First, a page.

the friday features: a special edition.

Friday Features

We interrupt our regularly scheduled Friday Features to bring you a piece I wrote for Christ and Pop Culture this week, in which I explain why I don’t think boycotting the newly-released film Me Before You is an adequate Christian response. This article is meaningful to me in a variety of ways, primarily because I am the mother of a child with a disability. I hope this piece will help each of us who desire to engage the community of the differently-abled with the love of Christ to do so through personal relationships and through speaking the hopeful truth of the gospel to the culture in which we live.

(Spoiler alert!)

Will Traynor (Sam Claflin) is thirty-one years old, handsome, witty, and mischievous. He is the classic leading male in an American chick flick. Except, that is, for one thing: Will has been a quadriplegic since two and a half years ago, when he was struck by a motorcycle while crossing the street.Me Before You challenges viewers with some of the most common, deeply felt questions of the human heart.Louisa Clark (Emilia Clarke) is twenty-six years old. She is awkward in the “I-bet-she-would-be-really-pretty-if-she’d-fix-her-hair-and-learn-how-to-do-her-makeup” kind of way. She is the classic leading female in a girl-next-door movie, a pre-blossomed flower waiting for the perfect prince’s kiss to cause her to bloom.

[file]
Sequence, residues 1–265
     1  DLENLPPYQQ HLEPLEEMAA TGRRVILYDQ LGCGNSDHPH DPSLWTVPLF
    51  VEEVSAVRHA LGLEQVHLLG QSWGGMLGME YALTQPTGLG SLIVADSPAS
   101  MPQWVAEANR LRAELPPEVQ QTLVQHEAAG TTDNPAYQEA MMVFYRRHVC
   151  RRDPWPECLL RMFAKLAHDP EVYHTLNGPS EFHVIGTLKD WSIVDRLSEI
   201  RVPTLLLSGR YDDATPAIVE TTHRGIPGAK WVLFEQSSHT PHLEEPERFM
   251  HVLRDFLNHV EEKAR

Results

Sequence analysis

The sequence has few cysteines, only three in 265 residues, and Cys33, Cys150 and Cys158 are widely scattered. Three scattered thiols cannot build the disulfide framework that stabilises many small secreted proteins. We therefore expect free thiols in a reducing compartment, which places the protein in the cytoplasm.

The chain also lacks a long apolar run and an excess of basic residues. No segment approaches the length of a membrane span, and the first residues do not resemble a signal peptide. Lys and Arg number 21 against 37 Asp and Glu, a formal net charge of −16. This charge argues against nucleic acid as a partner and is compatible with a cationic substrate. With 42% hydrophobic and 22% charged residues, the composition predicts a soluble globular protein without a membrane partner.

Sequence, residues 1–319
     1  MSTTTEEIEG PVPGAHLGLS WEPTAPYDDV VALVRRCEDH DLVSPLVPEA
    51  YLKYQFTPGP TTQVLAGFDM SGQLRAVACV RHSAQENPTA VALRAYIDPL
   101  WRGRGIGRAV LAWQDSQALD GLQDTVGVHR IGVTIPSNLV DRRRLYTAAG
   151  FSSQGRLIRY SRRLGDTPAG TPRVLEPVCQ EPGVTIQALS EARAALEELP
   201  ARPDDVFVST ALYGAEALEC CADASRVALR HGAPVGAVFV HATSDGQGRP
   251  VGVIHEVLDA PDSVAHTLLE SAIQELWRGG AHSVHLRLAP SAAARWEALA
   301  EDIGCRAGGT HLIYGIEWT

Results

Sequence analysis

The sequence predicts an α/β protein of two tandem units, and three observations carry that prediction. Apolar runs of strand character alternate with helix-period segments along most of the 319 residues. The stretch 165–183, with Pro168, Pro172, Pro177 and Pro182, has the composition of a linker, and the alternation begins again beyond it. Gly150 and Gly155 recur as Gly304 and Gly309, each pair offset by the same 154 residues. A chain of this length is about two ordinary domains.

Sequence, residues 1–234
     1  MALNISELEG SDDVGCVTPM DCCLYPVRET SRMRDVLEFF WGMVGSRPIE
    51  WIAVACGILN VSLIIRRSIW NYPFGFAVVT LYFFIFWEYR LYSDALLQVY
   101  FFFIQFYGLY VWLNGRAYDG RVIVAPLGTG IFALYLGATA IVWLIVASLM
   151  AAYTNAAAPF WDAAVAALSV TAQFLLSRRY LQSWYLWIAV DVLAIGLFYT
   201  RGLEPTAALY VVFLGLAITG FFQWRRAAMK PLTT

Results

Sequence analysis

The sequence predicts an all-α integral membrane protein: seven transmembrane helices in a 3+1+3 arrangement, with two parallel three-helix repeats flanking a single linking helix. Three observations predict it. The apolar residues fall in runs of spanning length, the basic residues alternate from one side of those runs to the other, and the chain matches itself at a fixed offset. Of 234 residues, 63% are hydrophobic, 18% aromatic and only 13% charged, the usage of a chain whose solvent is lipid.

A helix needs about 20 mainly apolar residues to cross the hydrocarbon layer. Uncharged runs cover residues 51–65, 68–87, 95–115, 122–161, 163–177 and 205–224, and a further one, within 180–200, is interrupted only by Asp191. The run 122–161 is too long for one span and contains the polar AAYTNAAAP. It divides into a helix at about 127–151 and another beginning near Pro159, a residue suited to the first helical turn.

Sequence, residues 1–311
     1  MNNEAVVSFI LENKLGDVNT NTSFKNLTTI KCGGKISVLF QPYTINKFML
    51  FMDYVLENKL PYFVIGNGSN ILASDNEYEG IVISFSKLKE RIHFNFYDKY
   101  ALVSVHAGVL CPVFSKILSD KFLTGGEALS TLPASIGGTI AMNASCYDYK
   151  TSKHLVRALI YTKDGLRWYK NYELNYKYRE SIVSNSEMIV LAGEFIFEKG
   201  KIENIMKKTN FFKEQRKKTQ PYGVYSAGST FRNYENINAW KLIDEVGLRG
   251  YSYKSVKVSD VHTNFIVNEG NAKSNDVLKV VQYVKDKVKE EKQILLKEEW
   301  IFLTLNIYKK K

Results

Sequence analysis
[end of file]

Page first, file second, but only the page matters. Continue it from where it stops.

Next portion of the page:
Will and Louisa are the protagonists of the newly released Me Before You, a film based on the 2012 novel by Jojo Moyes. What begins as an uncomfortable employer/employee relationship (Louisa has been hired by Will’s mother as his nurse) soon becomes a friendship, which evolves into a romance.

But under the surface, a dark tempest brews. Louisa has recently overheard Will’s parents discussing Will’s plans to travel to Switzerland. Once there, he will check into a facility called Dignitas, where he plans to breathe his last, leaving this world by way of physician-assisted suicide.

Continue reading at Christ and Pop Culture.

Author: Abby Perry

Abby has written for The Gospel Coalition, Christ and Pop Culture, Upwrite Magazine, and The Influence Network. She is the communications coordinator for a nonprofit organization and co-facilitates two community efforts—one promoting bridge-building racial reconciliation conversations and one supporting area foster and adoptive families. Abby graduated from Texas A&M University and currently attends Dallas Theological Seminary. She and her family live in College Station, Texas.